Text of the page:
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From Racialicious, Latoya Peterson posts on The Colour of Beauty (dir. Elizabeth St. Phillips, 2010), a short documentary film that follows up-and-coming black model, 24-year-old Renée Thompson, as she tries to get cast for New York’s Fashion Week, with a partial transcript. The film is part of a series from Work For All: Films Against Racism in the Workplace, a project in collaboration with the National Film Board of Canada and Schema Magazine. (You can watch the video at Racialicious or Work For All. I can’t for the life of me get it to embed here!) Reflecting upon an agent’s explanation that “white” features read as “elegant,” Latoya prompts, “And the idea of white faces as ‘elegant’ implies that those who do not carry those features cannot have an elegant face. I’d love to see a list of fashion codewords. Readers, what do you think?” Really, it’s a great exercise in the codes of race discourses about beauty and ugliness.

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Fatuous, self-described as “fat, girl, academic, writer, Australian, chronic procrastinator, fashion slave,” is in the midst of writing a dissertation on fat embodiment and sexual subjectivity. Love it! Check out Fatuosity, in which she shares her reading lists and smart observations about the myth of a “natural” body, fat and sexuality, “fat diva citizenship” (borrowing from incredible scholar Lauren Berlant), and a fat aesthetics:

A recognition that fat bodies are different to thin bodies (and different to other fat bodies, and that thin bodies are different to other thin bodies, and that the line between fat and thin is pretty impossible to locate definitively) and that finding ways to make a fat body look as much like a thin body as possible is not necessarily the ultimate aim of the game.  That there might be a way of fashioning fat bodies, of valuing the visuals that doesn’t have to be about ‘curves’ and cleavage (although it can be), that isn’t about adapting and adopting a certain set of standards, that isn’t about ‘what’s inside’ being the only thing that counts.

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In online magazines, we’re excited that the beautiful Style Sample released its newest issue, featuring Shini Park from Park and Cube as its cover girl and an article about fashion photographer Shae Acopian Detar authored by Fashion Intel’s Natalie. And the always smart Worn Fashion Journal posted this interview conducted by Julia Caron (of à l’Allure Garçonnière) with the creators of American Able, the American Apparel parody by photographer Holly Norris and model Jes Sachse. I particularly like these answers:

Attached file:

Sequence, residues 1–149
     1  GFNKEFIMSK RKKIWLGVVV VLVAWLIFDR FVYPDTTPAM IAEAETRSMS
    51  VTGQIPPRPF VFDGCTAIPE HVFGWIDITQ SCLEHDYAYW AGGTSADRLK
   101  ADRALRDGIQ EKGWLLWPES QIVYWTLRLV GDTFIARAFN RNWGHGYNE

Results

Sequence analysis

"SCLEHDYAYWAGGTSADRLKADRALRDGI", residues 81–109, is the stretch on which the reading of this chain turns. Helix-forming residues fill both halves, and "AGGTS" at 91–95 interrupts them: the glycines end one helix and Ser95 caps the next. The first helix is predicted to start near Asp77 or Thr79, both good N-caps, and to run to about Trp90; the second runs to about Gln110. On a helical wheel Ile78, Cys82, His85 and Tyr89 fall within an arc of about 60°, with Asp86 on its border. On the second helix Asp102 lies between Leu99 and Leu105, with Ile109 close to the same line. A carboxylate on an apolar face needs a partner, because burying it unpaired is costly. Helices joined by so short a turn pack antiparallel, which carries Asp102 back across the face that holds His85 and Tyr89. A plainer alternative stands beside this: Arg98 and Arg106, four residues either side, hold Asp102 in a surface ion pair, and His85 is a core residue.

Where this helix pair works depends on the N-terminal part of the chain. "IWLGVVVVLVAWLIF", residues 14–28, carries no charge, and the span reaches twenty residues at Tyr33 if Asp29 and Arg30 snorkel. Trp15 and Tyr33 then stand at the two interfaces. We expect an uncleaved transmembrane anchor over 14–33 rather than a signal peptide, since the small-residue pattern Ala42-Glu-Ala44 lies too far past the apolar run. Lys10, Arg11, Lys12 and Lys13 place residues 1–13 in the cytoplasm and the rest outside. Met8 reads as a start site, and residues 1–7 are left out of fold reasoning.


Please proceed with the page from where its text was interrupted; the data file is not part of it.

What do you hope people will take away from the American Able series?

Holly: I’m really interested in where it will be seen. It is showing on digital screens that are typically ad space, and has the potential to make people do a double take and question what they are seeing and how it differs from a regular ad. I think the realization that it’s a spoof makes people question and critique why – why do they only ever see able-bodied people in fashion advertising? People with visible disabilities are rendered invisible by mass media, and I think the reactions to American Able really highlight that. Even when there are claims of ‘diversity’ it is usually really lacking, to say the least. One rarely sees people with disabilities in advertising, unless it’s in a group photo and then it often seems more tokenizing than anything else.

Jes: It’s Holly’s project, but personally? I hope people see these ads in the TTC, laugh, and put on something skin tight when they go home and stare at their bodies. It’s like an invitation to a healthy dose of vanity. Why does fashion necessarily have to give people complexes? I’d love to be a model. I love designers and fashion, it’s art on bodies. I guess I love modeling because I feel like I embody a piece of that stare in my own work. That “I see you lookin’ at me” stare. I know I don’t look like a stereotypical model, and I like my body, but I get stared at a lot, in a different way. So when I pose, I have the opportunity to engage with my voyeurs. Or act indifferent about their gaze. Or make them question the politics in their stare. Or seduce them. Or pierce them. It’s really fun.